Workers have social and instrumental motives for joining unions. A large literature, building on the work of George A. Akerlof, emphasises the important role of social customs, and the influence from organised colleagues, when individuals decide to join a trade union. The very low unionisation rates among newly arrived foreign workers imply that natives who are exposed to higher immigration also experience a larger share of non-unionised co-workers. Thus, if the social norm for joining the union is stronger the larger the share of co-workers who are members, this relationship may contribute to a negative effect of immigration on natives’ unionisation.

The same is true if the instrumental incentive to join is stronger when the union is powerful and able to improve the labour market situation of their members, i.e., since a central basis for union strength is union density. Another line of argument emphasises the potential negative impact of ethnic diversity on the ability of the workforce to perform collective actions. However, there is also a case to be made for a positive effect of immigration on the instrumental incentive to unionise: an increase in labour supply may lower wages and elevate the risk of unemployment. Thus, native workers may be more willing to pay the membership fee to receive the protection that unions may provide to the insiders.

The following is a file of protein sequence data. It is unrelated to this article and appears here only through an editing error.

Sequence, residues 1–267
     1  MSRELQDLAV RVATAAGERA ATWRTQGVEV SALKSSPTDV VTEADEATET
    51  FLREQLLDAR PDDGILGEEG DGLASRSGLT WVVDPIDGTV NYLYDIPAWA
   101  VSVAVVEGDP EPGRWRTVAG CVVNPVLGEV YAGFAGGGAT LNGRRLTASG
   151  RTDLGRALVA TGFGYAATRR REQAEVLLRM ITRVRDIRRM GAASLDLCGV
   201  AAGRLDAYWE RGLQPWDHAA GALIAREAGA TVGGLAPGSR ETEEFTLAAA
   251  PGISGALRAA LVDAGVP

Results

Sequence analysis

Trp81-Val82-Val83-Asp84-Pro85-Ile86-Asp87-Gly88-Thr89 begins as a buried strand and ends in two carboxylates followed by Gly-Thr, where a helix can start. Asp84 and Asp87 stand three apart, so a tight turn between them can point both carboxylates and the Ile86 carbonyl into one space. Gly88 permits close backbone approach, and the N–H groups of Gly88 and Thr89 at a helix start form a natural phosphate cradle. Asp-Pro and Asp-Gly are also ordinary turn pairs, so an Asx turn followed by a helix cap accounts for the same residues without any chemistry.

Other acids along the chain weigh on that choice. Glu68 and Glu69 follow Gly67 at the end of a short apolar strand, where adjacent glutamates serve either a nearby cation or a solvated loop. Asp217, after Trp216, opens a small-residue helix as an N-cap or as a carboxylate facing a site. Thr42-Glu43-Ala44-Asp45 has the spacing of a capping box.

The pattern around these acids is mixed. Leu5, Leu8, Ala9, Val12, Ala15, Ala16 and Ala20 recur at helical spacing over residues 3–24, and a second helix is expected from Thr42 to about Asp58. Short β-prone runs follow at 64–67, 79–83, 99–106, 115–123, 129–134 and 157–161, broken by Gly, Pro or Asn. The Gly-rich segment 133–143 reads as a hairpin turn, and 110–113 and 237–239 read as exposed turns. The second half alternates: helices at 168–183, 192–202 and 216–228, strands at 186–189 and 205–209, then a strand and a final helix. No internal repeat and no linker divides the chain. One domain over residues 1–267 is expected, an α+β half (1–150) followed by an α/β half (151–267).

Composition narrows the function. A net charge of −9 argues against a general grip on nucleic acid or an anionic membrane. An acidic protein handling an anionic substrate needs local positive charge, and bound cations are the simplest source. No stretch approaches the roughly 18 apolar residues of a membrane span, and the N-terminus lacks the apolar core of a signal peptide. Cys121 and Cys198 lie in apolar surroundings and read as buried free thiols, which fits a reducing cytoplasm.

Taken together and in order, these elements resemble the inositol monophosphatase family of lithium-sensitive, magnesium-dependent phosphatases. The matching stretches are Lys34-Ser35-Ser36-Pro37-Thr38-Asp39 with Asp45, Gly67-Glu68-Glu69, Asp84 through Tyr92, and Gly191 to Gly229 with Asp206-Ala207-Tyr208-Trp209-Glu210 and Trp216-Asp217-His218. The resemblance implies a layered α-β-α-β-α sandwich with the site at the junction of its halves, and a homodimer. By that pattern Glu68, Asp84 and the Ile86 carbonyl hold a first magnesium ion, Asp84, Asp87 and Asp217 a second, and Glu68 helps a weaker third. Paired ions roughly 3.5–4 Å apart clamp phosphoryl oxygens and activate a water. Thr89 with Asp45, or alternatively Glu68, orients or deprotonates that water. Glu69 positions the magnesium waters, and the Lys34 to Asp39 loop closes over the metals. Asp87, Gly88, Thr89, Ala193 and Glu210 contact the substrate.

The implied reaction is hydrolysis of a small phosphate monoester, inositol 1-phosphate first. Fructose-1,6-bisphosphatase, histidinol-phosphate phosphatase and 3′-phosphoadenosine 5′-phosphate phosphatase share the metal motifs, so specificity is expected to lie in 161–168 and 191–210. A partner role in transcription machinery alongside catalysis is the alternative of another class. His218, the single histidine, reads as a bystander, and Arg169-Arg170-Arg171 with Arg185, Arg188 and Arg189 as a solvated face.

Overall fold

In our study, we investigated the implications of labour immigration on the wages and employment of natives, as well as their propensity to unionise, i.e., to pay their membership fee. We explored high quality register data, which gave us population-wide, individual level panel data on the relevant variables. The rapid increase in cheap labour supply to the Norwegian BaC industry, following the EU enlargement in 2004, was used in a natural experiment framework. To get (exogenous) variation in the BaC workers’ exposure to the tougher competition from immigrant labour, we used detailed information about occupational licensing and certification demands. Such regulations require that all workers in certain professions must satisfy specific educational demands that are mainly possible to fulfil by attending an educational institution in Norway. Thus, workers, who through their Norwegian education have access to licensed occupations, are protected from immigrant competition.